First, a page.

“When is a citizen not exactly a citizen? When it’s a pharmaceutical company looking to increase its profits,” writes Consumers Union President Jim Guest in a column in the current issue of Consumers Reports. Jim’s column explains how brand-name drug companies interfere with the marketplace by unfairly blocking generic drugs from competing with the brand names.

The brand-name companies use many weapons to fight cheaper generic drugs. They can file so-called “citizen petitions” with the FDA to challenge the approval of a generic. Yet the overwhelming majority of such petitions filed from 2001-2005 failed to raise genuine issues. But these petitions accomplish their real goal: delaying FDA approval of generics. As the Washington Post reported:

Some at the FDA, as well as leaders in the generic drug industry, complain that “citizen petitions”–requests for agency action that any individual, group or company can file–are being misused by brand-name drug makers to stave off generic competition.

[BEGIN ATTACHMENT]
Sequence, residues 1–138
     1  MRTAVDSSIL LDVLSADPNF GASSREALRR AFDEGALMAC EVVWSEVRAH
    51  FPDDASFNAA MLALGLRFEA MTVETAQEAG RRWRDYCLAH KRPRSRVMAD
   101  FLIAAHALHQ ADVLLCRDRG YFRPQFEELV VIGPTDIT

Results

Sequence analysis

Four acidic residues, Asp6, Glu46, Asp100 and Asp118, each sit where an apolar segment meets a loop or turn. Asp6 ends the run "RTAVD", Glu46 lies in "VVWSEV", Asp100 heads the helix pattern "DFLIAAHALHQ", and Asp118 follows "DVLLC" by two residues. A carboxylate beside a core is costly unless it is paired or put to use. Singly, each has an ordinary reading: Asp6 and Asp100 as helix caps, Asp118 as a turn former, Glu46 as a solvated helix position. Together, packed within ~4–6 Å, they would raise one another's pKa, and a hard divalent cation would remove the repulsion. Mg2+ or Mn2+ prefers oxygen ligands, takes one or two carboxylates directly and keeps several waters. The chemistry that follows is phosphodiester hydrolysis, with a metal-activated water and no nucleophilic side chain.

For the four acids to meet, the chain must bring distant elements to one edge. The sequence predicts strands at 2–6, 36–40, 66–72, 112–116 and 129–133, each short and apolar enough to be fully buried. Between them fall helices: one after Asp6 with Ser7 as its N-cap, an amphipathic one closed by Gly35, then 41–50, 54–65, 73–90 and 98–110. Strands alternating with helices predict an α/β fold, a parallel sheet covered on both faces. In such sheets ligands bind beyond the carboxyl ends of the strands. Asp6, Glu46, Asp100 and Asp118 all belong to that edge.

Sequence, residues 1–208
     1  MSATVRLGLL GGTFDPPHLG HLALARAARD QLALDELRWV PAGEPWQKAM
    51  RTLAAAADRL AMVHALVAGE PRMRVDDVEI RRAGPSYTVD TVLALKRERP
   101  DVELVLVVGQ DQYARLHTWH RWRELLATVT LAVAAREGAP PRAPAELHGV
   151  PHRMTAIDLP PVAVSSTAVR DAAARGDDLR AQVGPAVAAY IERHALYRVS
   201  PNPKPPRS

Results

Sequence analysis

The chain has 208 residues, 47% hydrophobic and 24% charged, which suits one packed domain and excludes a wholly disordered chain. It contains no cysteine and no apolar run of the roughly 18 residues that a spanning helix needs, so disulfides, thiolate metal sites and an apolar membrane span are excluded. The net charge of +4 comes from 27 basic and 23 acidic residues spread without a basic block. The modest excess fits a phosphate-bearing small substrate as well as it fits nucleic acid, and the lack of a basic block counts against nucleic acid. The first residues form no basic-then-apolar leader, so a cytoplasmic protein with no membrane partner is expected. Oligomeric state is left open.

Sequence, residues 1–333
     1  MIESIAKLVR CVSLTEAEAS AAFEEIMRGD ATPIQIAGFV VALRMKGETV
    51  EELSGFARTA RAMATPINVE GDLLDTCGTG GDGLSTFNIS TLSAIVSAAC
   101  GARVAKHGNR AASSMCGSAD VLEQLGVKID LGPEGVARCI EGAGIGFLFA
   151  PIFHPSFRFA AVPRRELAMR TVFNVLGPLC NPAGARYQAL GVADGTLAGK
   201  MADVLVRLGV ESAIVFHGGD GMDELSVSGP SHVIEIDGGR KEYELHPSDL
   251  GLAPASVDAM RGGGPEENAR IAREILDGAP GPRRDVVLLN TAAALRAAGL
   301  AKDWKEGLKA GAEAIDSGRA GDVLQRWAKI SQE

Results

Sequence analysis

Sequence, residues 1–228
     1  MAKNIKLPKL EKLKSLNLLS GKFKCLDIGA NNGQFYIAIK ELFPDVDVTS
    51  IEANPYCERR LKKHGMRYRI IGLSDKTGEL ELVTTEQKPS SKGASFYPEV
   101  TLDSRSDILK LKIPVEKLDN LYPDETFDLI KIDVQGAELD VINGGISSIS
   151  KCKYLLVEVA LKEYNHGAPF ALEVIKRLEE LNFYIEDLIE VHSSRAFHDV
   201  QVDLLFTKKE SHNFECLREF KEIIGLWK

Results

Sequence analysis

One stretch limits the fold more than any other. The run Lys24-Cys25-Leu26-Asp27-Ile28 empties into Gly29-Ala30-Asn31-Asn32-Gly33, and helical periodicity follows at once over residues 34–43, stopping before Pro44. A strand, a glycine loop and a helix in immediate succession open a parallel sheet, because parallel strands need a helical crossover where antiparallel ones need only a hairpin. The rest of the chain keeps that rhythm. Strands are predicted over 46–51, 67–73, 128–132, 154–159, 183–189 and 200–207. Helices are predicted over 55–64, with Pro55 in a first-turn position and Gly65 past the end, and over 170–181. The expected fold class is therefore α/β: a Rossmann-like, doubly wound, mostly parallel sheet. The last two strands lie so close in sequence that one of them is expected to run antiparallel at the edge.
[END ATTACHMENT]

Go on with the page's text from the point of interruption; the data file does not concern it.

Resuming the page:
The simple act of filing a petition, they say, triggers another round of time-consuming and often redundant reviews of the generics by the FDA, which can take months or years. In the process, consumers continue to pay millions of dollars more for the brand-name drugs.

As bad as bogus “citizen” petitions are, it gets even worse: brand-companies actually pay off generic companies NOT to bring generics to market. Topping off this sad state of affairs: the FDA is so underfunded, it can’t even process all generic drug applications already in the pipeline. As of February, the Washington Post reported, a record 800 generic applications were waiting to be processed.

Congress needs to act now to get affordable generic drugs into marketplace more quickly. A bipartisan bill introduced earlier this year in the U.S. Senate would be a good first step.